Secondly, (grumble some more) toolbars are handled in a different way in Access 2007 when you are running a database which has been converted to the Access 2007 format (in other words, a database with an AccDB extension)  In that case, the toolbars that you wrote using Access 2003 or earlier show up under a tab called "Add Ins"

Well, I didn't want my users to have to choose an "Add Ins" tab every time that they used my menu.  After much searching and a lot of hair pulling, I finally figured out how to make a custom ribbon and change the label of the "Add Ins" tab so that it would be called something else, whatever name I wanted it to be called.

The task, unfortunately, is a little daunting, even after having already done it.  The way that one person described it is as follows: "To remove the ribbon, you create a USysRibbons table and in the one row, add the following XML, which will remove all other std Access 2007 ribbon tabs and rename add-ins"  There are several steps in this process, and a good tutorial of how to get started is at the following link:


Remember how you could view Hidden files and System files in in Access 2003?  Well to be able to create a new ribbon, you have to create a new system table. So, in order to do that, you have to use the same option in Access 2007 that is like the check box in Access 2003 under "Tools" "Options" "View" "System Object".  That is to say, you have to be viewing system objects.  The link above has pictures of where to go in Access 2007 to view system tables. 

Then you have to create a system table called USysRibbons.   Basically, you add three fields to it, a standard ID field of the type that Access will sometimes make for you (an Autonumber Primary Key type field), a text field called RibbonName, and a memo field called RibbonXML.  By the time you finish, this new system table should have a single record in it.  The contents of the RibbonXML field define the custom ribbon.  In order to do this, you'll have to be familiar with changing the size of memo fields in datasheet view to be able to view larger amounts of text.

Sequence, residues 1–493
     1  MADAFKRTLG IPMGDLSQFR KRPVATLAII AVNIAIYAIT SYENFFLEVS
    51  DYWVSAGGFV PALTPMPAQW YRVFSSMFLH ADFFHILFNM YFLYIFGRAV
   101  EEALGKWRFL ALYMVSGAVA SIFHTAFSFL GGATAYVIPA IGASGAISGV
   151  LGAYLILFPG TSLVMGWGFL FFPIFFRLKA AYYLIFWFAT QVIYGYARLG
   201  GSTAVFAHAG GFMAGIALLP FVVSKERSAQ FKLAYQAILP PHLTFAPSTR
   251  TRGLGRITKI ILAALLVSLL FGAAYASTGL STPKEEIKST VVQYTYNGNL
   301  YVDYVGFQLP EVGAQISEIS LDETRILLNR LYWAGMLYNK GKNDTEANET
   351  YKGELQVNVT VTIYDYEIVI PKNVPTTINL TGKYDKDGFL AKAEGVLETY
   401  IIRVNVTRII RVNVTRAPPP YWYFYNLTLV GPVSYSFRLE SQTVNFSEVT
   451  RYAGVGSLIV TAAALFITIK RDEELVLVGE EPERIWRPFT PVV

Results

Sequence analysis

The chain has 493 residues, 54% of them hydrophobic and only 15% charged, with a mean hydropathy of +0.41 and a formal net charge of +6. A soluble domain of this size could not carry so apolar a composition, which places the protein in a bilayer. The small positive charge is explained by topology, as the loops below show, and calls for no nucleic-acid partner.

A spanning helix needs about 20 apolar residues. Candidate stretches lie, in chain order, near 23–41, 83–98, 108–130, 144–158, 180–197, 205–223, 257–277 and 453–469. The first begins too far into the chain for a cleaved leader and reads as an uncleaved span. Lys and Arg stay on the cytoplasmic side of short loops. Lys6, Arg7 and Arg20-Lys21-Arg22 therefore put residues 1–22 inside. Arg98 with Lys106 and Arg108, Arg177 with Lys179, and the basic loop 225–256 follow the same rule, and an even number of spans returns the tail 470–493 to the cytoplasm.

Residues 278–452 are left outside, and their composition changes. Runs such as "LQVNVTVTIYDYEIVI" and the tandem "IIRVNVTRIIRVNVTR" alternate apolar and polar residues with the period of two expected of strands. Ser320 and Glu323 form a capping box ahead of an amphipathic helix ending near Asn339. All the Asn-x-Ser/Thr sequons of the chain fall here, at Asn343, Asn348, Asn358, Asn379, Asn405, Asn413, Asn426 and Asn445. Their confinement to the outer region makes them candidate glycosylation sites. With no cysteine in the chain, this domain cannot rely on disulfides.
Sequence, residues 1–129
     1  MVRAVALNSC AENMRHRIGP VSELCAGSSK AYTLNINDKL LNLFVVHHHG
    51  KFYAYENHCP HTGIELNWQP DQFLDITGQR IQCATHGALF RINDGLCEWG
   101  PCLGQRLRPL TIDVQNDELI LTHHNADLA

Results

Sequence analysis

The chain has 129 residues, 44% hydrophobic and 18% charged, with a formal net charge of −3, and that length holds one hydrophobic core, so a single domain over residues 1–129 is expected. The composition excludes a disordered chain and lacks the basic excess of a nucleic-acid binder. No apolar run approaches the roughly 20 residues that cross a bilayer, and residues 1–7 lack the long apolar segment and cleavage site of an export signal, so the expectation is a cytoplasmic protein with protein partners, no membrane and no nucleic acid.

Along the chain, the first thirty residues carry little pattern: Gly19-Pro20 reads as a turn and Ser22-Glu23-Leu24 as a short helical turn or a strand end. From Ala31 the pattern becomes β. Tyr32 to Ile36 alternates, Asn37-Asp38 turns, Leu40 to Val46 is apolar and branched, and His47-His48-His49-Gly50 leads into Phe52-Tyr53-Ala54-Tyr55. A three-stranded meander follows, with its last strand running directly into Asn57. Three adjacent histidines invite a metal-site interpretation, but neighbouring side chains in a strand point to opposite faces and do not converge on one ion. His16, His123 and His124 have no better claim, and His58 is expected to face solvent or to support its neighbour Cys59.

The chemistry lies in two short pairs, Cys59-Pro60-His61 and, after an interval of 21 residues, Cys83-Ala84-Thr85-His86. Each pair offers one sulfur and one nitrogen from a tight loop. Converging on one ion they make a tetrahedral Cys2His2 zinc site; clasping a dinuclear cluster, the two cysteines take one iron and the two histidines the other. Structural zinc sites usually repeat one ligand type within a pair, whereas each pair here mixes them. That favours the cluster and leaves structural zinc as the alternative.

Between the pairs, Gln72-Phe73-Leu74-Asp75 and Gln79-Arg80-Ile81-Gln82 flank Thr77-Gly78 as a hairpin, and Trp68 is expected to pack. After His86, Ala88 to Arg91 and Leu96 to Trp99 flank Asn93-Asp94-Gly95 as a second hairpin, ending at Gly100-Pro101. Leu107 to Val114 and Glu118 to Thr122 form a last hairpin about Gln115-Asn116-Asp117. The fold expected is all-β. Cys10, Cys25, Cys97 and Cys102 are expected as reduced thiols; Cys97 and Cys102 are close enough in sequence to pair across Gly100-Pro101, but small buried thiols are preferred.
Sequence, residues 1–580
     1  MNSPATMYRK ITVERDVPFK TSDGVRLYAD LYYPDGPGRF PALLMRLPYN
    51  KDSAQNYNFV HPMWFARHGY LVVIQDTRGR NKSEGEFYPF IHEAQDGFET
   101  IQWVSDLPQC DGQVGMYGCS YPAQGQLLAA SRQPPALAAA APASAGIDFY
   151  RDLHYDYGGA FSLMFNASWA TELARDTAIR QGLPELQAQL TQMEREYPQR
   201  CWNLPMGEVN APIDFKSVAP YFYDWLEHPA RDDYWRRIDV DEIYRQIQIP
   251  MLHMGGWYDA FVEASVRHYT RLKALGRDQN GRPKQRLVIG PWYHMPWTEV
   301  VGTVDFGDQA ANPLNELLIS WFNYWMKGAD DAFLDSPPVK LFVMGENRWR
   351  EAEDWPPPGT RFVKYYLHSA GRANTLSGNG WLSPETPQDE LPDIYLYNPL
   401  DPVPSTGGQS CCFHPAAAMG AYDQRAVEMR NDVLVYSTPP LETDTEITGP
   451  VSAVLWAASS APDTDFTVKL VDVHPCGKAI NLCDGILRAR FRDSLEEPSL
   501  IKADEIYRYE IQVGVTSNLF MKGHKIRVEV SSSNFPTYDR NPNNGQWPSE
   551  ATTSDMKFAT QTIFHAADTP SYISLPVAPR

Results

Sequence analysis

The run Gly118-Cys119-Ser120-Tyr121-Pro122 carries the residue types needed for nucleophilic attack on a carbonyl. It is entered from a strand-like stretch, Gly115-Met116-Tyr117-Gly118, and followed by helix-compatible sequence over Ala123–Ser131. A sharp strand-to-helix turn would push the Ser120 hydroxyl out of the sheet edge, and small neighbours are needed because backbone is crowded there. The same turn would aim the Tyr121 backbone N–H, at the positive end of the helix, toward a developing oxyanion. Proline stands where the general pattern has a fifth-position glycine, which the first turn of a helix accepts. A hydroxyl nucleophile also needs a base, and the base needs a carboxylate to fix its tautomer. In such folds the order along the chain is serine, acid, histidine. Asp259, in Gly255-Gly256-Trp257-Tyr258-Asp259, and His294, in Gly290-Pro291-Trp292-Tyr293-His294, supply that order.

The example at the web site listed above, however, is of doing something more complicated than what I wanted to do.   I mean, I just wanted to get rid of the doggone thing so that I could clean up my user interface and also keep my users out of trouble, ya know?

So for my example, the code that you paste into the single record in the newly created USysRibbons system table is as follows: 

<customUI xmlns="http://schemas.microsoft.com/office/2006/01/customui">
  <ribbon startFromScratch="true">
        <tab idMso="TabAddIns" visible="true" label="Projects" />

The label tag in the above XML changes the name of the "Add-Ins" tab to "Projects". 

Having that XML define the contents of the ribbon, setting the "AllowFullMenus" property and the "AllowBuiltinToolbars" property to "False" (which could be done using the ChangeProperty function described above) and in addition setting the "StartupMenuBar" property to my custom menubar that I'd already developed in Access 2003 which had options for "File", "Edit", "Reports", and "Maintenance" did the trick. 

So far, at the time that I am writing this, I haven't done enough development under Access 2007 to need to do the Access 2007 method programmatically yet.  The way that I approached the development that I did under native Access 2007 so far was to just use the shift key to bypass the special menu in the development folder.

The result of running the native Access 2007 database under Access 2007 came out looking something like the following:

Image of MS Access 2007 without ribbon

So there you have it. That's my summation of the options that I currently know of to eliminate the ribbon in Microsoft Access 2007.  If you like my explanation, then by all means, send money!

And if you should have some extra time on your hands and be interested in a little "light" (or maybe not so light) reading, here's a link to a web page with some of Microsoft's explanation of how to write custom ribbons:


Happy ribbon cutting!

If you found this information to be useful, and would like to donate via PayPal to help offset the cost of maintaining this web site, use the following button:

|Home Page| |Custom Software| |Policies| |About| |Tips And Tricks| |Helpful Links|